Symptoms and Satisfaction of Patients in the Patient-Reported Outcomes With Laser In Situ Keratomileusis (PROWL) Studies

Publication Type
Journal Article
Year of Publication
2017
Authors
Eydelman, Malvina; Hilmantel, Gene; Tarver, Michelle E; Hofmeister, Elizabeth M; May, Jeanine; Hammel, Keri; Hays, Ron D; Ferris, Frederick 3rd
Secondary
JAMA Ophthalmol
Volume
135
Start Page
13
Pagination
13-22
Date Published
01/2017
Keywords
Adult; Astigmatism; Female; Humans; Keratomileusis, Laser In Situ; Male; Middle Aged; Myopia; Patient Reported Outcome Measures; Patient Satisfaction; Prospective Studies; Surveys and Questionnaires; visual acuity; Young Adult
Abstract

Importance: Patient-reported outcomes should be collected using validated questionnaires prior to and following laser in situ keratomileusis (LASIK) surgery.

Objective: To report the frequency of patient-reported visual symptoms, dry eye symptoms, satisfaction with vision, and satisfaction with LASIK surgery in the Patient-Reported Outcomes With LASIK (PROWL) studies.

Design, Setting, and Participants: The PROWL-1 and PROWL-2 studies were prospective, observational studies conducted from September 13, 2011, to June 27, 2014. The PROWL-1 study was a single-military center study of 262 active-duty Navy personnel 21 to 52 years of age. The PROWL-2 study was a study of 312 civilians 21 to 57 years of age conducted at 5 private practice and academic centers. The LASIK surgery and the postoperative care were performed based on the usual practice and clinical judgment at the site. Participants completed a self-administered, web-based questionnaire, preoperatively and postoperatively at 1 and 3 months (the PROWL-1 and -2 studies) and at 6 months (the PROWL-2 study).

Exposures: Participants underwent LASIK surgery for myopia, hyperopia, and/or astigmatism.

Main Outcomes and Measures: Visual symptoms (double images, glare, halos, and/or starbursts), dry eye symptoms, participant satisfaction (with vision and LASIK surgery), and clinical measures (visual acuity, refractive error, and slitlamp and posterior segment eye examination findings) were assessed preoperatively and at 1, 3, and 6 months postoperatively.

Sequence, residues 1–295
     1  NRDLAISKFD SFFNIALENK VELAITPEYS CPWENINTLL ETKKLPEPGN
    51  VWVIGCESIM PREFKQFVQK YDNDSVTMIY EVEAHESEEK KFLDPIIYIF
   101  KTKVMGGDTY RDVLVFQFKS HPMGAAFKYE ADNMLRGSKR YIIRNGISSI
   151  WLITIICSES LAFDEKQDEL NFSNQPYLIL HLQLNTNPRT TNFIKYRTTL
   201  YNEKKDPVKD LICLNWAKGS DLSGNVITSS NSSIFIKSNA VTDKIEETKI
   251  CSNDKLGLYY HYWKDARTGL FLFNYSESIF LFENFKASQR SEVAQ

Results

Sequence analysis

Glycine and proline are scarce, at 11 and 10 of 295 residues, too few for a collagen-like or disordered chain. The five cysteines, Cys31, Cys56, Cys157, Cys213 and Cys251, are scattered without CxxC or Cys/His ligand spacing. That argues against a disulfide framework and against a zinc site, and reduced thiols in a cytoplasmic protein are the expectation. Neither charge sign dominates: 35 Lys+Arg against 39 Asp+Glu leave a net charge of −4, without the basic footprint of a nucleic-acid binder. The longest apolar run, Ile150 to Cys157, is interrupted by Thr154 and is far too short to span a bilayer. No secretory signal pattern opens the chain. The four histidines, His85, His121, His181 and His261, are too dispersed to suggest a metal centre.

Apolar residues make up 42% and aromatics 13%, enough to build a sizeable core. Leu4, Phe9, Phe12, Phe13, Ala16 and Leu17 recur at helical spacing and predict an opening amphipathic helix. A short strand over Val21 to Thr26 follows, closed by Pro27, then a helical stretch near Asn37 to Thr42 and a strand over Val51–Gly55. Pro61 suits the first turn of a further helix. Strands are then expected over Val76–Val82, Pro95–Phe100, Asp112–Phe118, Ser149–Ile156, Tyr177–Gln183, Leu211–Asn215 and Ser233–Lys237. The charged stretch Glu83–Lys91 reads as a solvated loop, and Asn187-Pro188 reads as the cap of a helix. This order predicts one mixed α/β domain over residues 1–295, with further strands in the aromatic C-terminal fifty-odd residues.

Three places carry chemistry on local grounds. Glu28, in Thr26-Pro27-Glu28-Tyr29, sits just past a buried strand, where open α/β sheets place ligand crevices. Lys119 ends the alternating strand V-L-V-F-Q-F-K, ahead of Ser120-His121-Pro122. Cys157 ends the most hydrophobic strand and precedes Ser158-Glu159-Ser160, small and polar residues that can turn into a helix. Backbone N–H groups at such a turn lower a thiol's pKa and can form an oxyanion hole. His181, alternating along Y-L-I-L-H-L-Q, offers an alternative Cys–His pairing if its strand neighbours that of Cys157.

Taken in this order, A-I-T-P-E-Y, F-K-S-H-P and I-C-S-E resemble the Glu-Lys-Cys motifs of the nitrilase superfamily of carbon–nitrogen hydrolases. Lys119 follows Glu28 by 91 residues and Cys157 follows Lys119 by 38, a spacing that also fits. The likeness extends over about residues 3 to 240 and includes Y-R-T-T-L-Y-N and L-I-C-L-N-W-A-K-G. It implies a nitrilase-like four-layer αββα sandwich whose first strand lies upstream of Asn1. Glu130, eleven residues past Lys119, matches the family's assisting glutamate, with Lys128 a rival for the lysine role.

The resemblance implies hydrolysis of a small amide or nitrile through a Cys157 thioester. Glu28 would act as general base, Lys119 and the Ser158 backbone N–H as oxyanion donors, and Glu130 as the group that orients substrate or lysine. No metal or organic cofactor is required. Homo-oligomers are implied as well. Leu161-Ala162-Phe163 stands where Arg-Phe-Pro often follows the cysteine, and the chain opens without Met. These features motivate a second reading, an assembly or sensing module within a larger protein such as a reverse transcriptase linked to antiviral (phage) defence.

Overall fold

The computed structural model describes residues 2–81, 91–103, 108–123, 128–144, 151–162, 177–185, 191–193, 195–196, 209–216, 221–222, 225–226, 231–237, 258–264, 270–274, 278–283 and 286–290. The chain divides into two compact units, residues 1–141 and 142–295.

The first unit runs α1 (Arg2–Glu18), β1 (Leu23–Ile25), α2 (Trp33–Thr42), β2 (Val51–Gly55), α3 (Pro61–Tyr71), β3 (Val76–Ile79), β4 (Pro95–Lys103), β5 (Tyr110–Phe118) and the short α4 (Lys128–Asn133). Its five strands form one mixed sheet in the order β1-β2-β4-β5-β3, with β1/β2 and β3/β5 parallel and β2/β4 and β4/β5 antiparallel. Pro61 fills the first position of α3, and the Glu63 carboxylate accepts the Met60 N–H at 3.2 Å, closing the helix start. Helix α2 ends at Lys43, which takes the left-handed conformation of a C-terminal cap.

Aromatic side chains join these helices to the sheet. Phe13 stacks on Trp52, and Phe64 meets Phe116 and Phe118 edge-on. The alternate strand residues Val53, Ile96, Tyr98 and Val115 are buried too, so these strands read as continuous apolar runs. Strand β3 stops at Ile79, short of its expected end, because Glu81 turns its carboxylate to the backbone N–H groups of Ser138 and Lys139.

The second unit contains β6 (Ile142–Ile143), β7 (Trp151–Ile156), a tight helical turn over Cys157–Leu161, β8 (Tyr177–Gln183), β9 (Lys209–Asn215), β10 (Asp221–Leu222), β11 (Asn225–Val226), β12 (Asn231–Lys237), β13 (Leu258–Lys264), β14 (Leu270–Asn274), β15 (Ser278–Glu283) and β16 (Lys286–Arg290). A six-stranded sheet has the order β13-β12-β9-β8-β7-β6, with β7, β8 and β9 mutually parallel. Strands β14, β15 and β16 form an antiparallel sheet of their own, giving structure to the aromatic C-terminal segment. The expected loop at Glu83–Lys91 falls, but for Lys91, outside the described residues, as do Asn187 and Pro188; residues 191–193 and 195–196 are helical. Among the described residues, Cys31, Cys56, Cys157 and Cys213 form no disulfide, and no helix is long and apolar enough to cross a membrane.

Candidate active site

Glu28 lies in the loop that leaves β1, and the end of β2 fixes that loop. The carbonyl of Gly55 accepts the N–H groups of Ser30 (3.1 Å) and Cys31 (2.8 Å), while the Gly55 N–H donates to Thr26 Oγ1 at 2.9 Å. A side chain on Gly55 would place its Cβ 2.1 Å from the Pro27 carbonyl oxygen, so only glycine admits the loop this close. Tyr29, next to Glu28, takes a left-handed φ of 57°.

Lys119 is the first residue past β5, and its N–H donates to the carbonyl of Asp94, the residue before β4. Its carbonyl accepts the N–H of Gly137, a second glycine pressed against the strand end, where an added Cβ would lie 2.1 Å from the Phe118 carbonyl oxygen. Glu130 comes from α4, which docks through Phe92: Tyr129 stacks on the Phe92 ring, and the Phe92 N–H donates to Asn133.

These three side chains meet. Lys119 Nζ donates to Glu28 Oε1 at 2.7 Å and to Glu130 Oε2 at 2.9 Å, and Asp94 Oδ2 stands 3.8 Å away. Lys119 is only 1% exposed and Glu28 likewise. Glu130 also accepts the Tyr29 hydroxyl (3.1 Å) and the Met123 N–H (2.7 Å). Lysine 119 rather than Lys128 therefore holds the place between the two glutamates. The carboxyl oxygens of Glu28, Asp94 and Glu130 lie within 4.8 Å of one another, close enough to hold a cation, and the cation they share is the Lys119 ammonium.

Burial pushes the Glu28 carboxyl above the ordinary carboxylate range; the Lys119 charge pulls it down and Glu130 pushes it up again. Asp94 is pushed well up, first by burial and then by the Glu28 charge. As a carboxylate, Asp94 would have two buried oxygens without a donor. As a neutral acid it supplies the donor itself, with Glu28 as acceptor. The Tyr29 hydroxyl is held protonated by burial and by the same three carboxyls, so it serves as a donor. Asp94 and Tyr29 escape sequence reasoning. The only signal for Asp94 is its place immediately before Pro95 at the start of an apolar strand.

Results: A total of 262 participants were enrolled in the PROWL-1 study (mean [SD] age, 29.1 [6.1] years), and a total of 312 participants were enrolled in the PROWL-2 study (mean [SD] age, 31.5 [7.3] years). Visual symptoms and dissatisfaction with vision were common preoperatively. Overall, the prevalence of visual symptoms and dry eye symptoms decreased, although a substantial percentage of participants reported new visual symptoms after surgery (43% [95% CI, 31%-55%] from the PROWL-1 study and 46% [95% CI, 33%-58%] from the PROWL-2 study at 3 months). The percentages of participants in the PROWL-1 study with normal Ocular Surface Disease Index scores were 55% (95% CI, 48%-61%) at baseline, 66% (95% CI, 59%-72%) at 3 months, and 73% (95% CI, 67%-79%) at 6 months. The percentages of participants in the PROWL-2 study with normal Ocular Surface Disease Index scores were 44% (95% CI, 38%-50%) at baseline and 65% (95% CI, 59%-71%) at 3 months. Of those participants who had normal scores at baseline in both the PROWL-1 and -2 studies, about 28% (95% CI, 19%-37%) had mild, moderate, or severe dry eye symptoms at 3 months. While most participants were satisfied, the rates of dissatisfaction with vision ranged from 1% (95% CI, 0%-4%) to 4% (95% CI, 2%-7%), and the rates of dissatisfaction with surgery ranged from 1% (95% CI, 0%-4%) to 2% (95% CI, 1%-5%).

Conclusions and Relevance: The systematic administration of a questionnaire to patients who have undergone LASIK surgery is a new approach to assess symptoms and satisfaction. Our findings support the need for adequate counseling about the possibility of developing new symptoms after LASIK surgery.

Comment in

Patient-Reported Outcomes Following LASIK: Quality of Life in the PROWL Studies. [JAMA. 2017]